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    Member Gr is for Greg's Avatar
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    A waypoint on a GPS is no different than a set of coordinates: latitude and longitude. Waypoints sometimes also include elevation, but that is not really a necessary piece of information, as the elevation at any given set of coordinates will be what it is, unless a landslide, sink hole, or upheaval make it different. If you record precise coordinates - just 2 numbers - for any particular site, a capable orienteer will be able to find it, whether using the stars, paper maps, GPS, or whatever replaces GPS. A minute of latitude is a nautical mile (that's actually how it's defined), so a second of latitude is 1/60th of a nautical mile, roughly 100 ft. So if you record your site to the tenth of a second (e.g. 61 degrees, 29 minutes, 46.8 seconds north latitude, 149 degrees, 10 minutes, 7.4 degrees west longitude) you will be within 10 feet of your target. If you just have decimals of a degree, record to 5 decimal places for a similar degree of accuracy: 61.49633 degrees. For the longitude measure, you'll get even better accuracy for that same decimal measure, since longitudinal lines are spaced about twice as close this far north as they are at the equator.
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  12. #12

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    Greg, thanks.

    Looks like I need to make some consolidation changes over the next few years. This was all set up to work for me, and it works for me; However I never considered that it might need to work for someone else. Thanks everyone for your help.

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    lol.... I'll give you a gps unit that my daughter gave me and I haven't learned how to use. Just give me a call next time you make it in to anchortown

    of of course if you want to give me a waypoint for one of your AR burial sites in return....🙂

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    GPS accuracy is around 100 meters unless differentially corrected thanks to the military added errors. If you use it while flying there is a 2 sigma error, or about 5% in elevation error. Goto a known reference point. I like using a coast guard station because they have a known marked point for differential correction. Set your GPS unit on that point and leave it for 30 minutes and compare.



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    Well........a big thank you to everyone, as this has been an educational thread for me. I can see that the GPS is the wrong road to go down for this application, for several reasons.

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    Member Akheloce's Avatar
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    Default Cheap GPS......only GPS......nothing else, just GPS, is it available....???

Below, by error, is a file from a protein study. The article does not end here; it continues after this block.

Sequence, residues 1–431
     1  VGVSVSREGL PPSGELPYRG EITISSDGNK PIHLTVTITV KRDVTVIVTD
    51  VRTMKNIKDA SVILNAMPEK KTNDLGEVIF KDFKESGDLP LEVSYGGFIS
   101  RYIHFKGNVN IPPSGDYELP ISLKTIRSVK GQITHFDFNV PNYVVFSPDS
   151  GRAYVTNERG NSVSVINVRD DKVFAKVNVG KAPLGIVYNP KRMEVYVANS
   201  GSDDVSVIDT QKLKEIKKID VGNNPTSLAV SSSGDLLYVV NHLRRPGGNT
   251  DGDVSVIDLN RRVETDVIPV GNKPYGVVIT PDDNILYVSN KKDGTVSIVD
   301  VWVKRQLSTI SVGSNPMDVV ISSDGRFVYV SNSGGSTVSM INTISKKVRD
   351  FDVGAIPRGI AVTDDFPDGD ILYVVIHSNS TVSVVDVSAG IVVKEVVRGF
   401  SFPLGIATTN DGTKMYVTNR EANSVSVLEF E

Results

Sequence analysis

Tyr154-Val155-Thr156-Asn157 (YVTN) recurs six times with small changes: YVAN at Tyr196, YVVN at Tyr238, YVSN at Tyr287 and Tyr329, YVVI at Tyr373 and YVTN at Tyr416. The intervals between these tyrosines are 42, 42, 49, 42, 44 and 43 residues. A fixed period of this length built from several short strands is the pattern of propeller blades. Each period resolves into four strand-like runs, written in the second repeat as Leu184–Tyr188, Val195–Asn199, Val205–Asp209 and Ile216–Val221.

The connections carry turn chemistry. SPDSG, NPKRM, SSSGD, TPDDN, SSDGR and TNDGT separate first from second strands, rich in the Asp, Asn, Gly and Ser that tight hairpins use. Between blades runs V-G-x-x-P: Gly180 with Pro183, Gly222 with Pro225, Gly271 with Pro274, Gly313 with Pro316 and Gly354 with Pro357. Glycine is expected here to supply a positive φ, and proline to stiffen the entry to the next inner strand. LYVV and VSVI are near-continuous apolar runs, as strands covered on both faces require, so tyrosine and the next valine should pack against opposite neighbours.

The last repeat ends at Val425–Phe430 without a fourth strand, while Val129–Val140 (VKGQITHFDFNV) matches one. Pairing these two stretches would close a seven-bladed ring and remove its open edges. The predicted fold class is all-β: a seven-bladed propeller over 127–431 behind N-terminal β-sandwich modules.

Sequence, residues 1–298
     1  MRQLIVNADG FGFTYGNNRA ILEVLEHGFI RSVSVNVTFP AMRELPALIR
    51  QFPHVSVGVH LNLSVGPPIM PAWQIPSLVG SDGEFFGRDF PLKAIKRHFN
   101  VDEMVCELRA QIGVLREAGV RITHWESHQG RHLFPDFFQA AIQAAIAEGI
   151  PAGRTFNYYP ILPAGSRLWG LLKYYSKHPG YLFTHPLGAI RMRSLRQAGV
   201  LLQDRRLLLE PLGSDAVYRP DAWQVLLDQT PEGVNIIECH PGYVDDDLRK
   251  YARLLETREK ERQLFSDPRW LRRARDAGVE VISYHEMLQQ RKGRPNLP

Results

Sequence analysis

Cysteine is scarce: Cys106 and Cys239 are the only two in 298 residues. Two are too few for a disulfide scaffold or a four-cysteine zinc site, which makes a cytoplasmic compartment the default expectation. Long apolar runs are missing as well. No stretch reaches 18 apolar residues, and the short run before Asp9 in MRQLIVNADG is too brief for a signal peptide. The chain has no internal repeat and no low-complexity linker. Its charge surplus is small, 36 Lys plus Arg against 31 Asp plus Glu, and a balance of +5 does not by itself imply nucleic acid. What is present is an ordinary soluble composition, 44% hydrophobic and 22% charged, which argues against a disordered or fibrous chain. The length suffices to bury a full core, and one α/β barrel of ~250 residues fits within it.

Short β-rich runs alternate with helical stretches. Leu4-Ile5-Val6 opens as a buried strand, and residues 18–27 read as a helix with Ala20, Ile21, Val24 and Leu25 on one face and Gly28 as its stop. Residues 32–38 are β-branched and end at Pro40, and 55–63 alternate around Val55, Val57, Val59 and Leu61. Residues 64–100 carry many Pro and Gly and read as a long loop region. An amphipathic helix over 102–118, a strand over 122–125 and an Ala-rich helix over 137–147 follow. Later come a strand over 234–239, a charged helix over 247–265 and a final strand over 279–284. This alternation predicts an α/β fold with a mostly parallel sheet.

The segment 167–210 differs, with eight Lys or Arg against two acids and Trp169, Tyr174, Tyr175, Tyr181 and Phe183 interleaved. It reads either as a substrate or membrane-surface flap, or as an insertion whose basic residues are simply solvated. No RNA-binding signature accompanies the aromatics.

Quote Originally Posted by GrassLakeRon View Post
    GPS accuracy is around 100 meters unless differentially corrected thanks to the military added errors. If you use it while flying there is a 2 sigma error, or about 5% in elevation error. Goto a known reference point. I like using a coast guard station because they have a known marked point for differential correction. Set your GPS unit on that point and leave it for 30 minutes and compare.



    one day closer to alaska.
    That hasn't been true for 16 years.

    Selective Availability was turned of by executive order in 2000.

    Real world WAAS enabled receivers (most handhelds today are WAAS capable) have a maximum error standard of 12m with a nominal error of 1.6m (horizontal)

    Airliners are landing (down to 200')and taxiing via GPS in zero visibility. You think 100m is good enough?
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    This is correct. Current GPS' will get you within 5'. Can't get that kind of accuracy with a map & compass!!!

    Quote Originally Posted by Akheloce View Post
    That hasn't been true for 16 years.

    Selective Availability was turned of by executive order in 2000.

    Real world WAAS enabled receivers (most handhelds today are WAAS capable) have a maximum error standard of 12m with a nominal error of 1.6m (horizontal)

    Airliners are landing (down to 200')and taxiing via GPS in zero visibility. You think 100m is good enough?

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    Quote Originally Posted by NorcalBob View Post
    This is correct. Current GPS' will get you within 5'. Can't get that kind of accuracy with a map & compass!!!
    Yeah, but the batteries won't go dead on them either if you use them too much......
    Sheep hunting...... the pain goes away, but the stupidity remains...!!!

  19. #19

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    5' still means you would have to dig up an area about 11' in diameter to find what your looking for. And 10 or 30 years from now, who knows if a solar flare or EMP has disabled the system. Plus the canopy of the forest could change over 30 years. Or heavy snow laden canopy.....???


    Quote Originally Posted by NorcalBob View Post
    This is correct. Current GPS' will get you within 5'. Can't get that kind of accuracy with a map & compass!!!

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    Member GrassLakeRon's Avatar
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    Quote Originally Posted by Akheloce View Post
    That hasn't been true for 16 years.

    Selective Availability was turned of by executive order in 2000.

    Real world WAAS enabled receivers (most handhelds today are WAAS capable) have a maximum error standard of 12m with a nominal error of 1.6m (horizontal)

    Airliners are landing (down to 200')and taxiing via GPS in zero visibility. You think 100m is good enough?
    Sounds like I need a new unit then.

    one day closer to alaska.
    "Equipped with his five senses, man explores the universe around him and calls the adventure science"

    Edwin Hubble